Xabi. Iker. Piqué. All part of my vocabulary. I played Wave Your Flag for my students Friday on the opening day of  the 2012 Euro Cup and tears pricked my eyes as I remember watching countless games and scheduling my social calendar around them during the World Cup – US, Mexico, Germany and Spain made up the countries of nationalities of la familia, and we ate guacamole at Juan and Marco’s while cheering on Mexico, found a beach bar to watch Spain-Uruguay and convinced Kirsten to not wear any black, thus giving away her German heritage before they lost to Spain in the semis. I once even watched a game by myself, back against the wall, just to not risk missing the first ten minutes to return home after work.

When I walk into Plaza María Pita in La Coruña, I remember the excitement leading up to the final. Carrying a plastic bag full of cold beers, we waited hours for the square to fill while Waka Waka was played on repeat. With the crowd ebbing and flowing with every corner, card and kick, we all found ourselves at different points of the plaza. At minute 82, I told Lauren I would rather pee my pants than miss the last few minutes of a tied game. As I squatted over a toilet where I didn’t even bother to turn on the light, an eruption occurred. I rushed out to see if someone had scored, pants still unbuttoned.

In the end, an extra 30 minutes was tacked onto the game. Nerves were tense as people around us hugged us in close. No one spoke. Tikitaki. Back and forth went the ball. Iniesta in from the right side. Strikes. Past the goalie’s hand. straight into the net. As Reina put it, “He wrote the script for our success.” Spain had brought faith to a country in the midst of its worst economic crisis, had united a nation in the name of balompié. I felt like I was a part of the greater picture, swept up in the craze and into numerous hugs and high fives from strangers (including the defeated Dutch).

Two years later, I’m with Inma cheering on La Roja as they play a friendly with China. The game isn’t especially interesting, but it was the last time they’d play before their debut in the Cup this evening with Italy. I cheer the chants loudly enough to lose my voice, straining my neck around someone in front of me with a goofy hat to see the corner kicks. Explain to Inma what fuera de juego means and why cards are given.

Finally, after five years, I have found a way to move past my need for tailgating and Gary Dolphin, and I feel that La Roja is my Spanish team to believe in.

Euro Cup FAQs:

The Who, What, Where: During the month of June, 16 qualifying teams from across Europe will go head to head to determine the continent’s best football club, with the final on July 1st. Poland and Ukraine are sharing the hosting duties this time around.

Spain’s Desafío: Be the first team in history to win back-to-back-to-back Eurocup (2008), World Cup (2010) and Eurocup (2012). Apart from being a team of depth, La Roja’s players don’t play with their egos to feed as they do in the national league. Spain is grouped with Italy, Ireland and Croatia and plays their first game tomorrow at 8:45 pm against the azzurra from our Mediterranean neighbor. Teams to watch are the usual heavy hitters: England, France, Holland and Germany, two of whom were teams Spain beat during their World Cup run.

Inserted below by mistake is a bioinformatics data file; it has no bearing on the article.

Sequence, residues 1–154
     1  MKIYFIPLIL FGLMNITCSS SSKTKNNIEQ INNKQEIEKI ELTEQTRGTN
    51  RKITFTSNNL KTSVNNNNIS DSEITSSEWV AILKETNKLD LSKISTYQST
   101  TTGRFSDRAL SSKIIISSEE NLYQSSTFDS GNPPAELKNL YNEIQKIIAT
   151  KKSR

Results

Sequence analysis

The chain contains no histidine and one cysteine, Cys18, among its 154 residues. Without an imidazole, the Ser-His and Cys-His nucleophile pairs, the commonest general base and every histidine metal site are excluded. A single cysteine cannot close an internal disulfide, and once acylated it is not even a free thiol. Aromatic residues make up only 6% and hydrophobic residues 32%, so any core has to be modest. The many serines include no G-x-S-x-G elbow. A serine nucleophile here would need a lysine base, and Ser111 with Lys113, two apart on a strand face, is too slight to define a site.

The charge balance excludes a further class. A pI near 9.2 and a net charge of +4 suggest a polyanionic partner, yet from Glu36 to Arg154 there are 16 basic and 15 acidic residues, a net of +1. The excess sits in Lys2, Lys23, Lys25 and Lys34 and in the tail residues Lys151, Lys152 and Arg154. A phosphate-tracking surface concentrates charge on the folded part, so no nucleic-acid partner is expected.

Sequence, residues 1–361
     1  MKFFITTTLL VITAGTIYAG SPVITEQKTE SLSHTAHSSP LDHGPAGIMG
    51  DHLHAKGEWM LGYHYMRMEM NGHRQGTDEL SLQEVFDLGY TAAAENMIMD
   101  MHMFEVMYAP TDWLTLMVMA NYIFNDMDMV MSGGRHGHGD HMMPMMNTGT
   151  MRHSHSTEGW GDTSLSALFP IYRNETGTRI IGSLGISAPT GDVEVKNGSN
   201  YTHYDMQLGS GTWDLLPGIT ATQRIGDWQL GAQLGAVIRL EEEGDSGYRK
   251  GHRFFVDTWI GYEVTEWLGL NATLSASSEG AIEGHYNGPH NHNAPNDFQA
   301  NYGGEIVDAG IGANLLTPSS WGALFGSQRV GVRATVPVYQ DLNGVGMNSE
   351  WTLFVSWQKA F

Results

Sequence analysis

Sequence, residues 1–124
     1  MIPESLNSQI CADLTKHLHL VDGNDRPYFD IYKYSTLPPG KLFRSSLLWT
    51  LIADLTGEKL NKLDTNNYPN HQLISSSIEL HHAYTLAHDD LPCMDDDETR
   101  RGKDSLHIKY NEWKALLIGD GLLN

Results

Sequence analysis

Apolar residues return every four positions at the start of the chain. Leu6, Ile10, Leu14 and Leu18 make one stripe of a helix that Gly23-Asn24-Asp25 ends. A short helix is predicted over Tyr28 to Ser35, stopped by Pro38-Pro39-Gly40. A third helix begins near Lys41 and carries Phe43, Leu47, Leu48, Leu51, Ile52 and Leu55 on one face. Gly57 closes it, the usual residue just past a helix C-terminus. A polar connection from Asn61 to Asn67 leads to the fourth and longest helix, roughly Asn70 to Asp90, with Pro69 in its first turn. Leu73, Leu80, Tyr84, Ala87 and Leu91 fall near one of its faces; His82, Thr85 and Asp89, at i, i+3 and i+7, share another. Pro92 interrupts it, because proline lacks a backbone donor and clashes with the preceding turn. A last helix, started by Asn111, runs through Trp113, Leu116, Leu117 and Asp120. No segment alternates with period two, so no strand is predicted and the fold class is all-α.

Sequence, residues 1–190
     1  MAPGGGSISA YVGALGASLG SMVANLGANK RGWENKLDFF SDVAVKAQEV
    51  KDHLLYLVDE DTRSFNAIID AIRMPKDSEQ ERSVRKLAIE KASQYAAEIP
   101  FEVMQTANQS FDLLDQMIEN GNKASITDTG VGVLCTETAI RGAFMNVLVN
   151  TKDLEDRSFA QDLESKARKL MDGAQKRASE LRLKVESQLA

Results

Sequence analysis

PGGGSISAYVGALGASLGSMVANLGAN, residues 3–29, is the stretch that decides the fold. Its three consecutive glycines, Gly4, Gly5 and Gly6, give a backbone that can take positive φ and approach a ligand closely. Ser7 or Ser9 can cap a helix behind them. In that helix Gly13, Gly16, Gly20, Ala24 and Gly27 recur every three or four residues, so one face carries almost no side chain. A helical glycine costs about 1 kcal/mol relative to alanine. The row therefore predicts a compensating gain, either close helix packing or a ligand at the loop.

Spain’s Schedule: Spain plays its fellow group members in the first round: Italy today at 8:45 pm, Ireland the 14th at the same time and Croatia on the 18th. The two tops teams of the division will duke it out in the quarterfinals on June 23rd. The winner will be decided on July 1st at 8:45 pm.

Who are you rooting for?

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92 Reasons to visit Seville

In working on an article for The Spain Scoop, I paid a visit to the Seville Tourism Board’s website. On the main page, to coincide with the World’s Fair in Seville’s 20th anniversary, the board proposes 92 reasons to visit Seville.

Among my favorites are things I enjoy about living here, like 88 (eat a montaíto de pringá), 74 (buy a flamenco dress),  55 (eat el jamón bueno bueno) and 58 (sleep a siesta). Then I remember the insane amount that I still have before me to do, like visit Doñana National Park, spot the Duquesa de Alba, see the Derbi between Mi Betí and Sevilla FC, walk el Rocío to Almonte.

I do think they gave up towards the end, as the last reason is, because you feel like it. So, so sevillano of you, VisitaSevilla. But who really needs to list 92 things to do in and around this glorious city whose history stretches back over 2000 years, whose sunsets are breathtaking and whose cuisine is tó lo bueno. Seville is more about feeling it and living it than seeing it.

Take a look, and tell me what’s on your Seville itinerary, or the reasons you’ve been here before. The Tourism Office hooked me up with this year’s Fiestas de la Primavera poster, and it can be yours if you’re chosen!

My Seven Super Shots

Maybe it’s just my love of Camarón or my quest to see Seville in new ways, but I was crossing my fingers I’d get to do the Seven Super Shots run by hostelbookers.com . Similar to the ABCs of Travel, this virtual game of tag centers around photography, which I am all to willing to admit to loving.

The gimmick is to examine the snaps you’ve taken and choose the best out of several categories. When reading a few others on my Google Reader, I already had mine mentally picked out.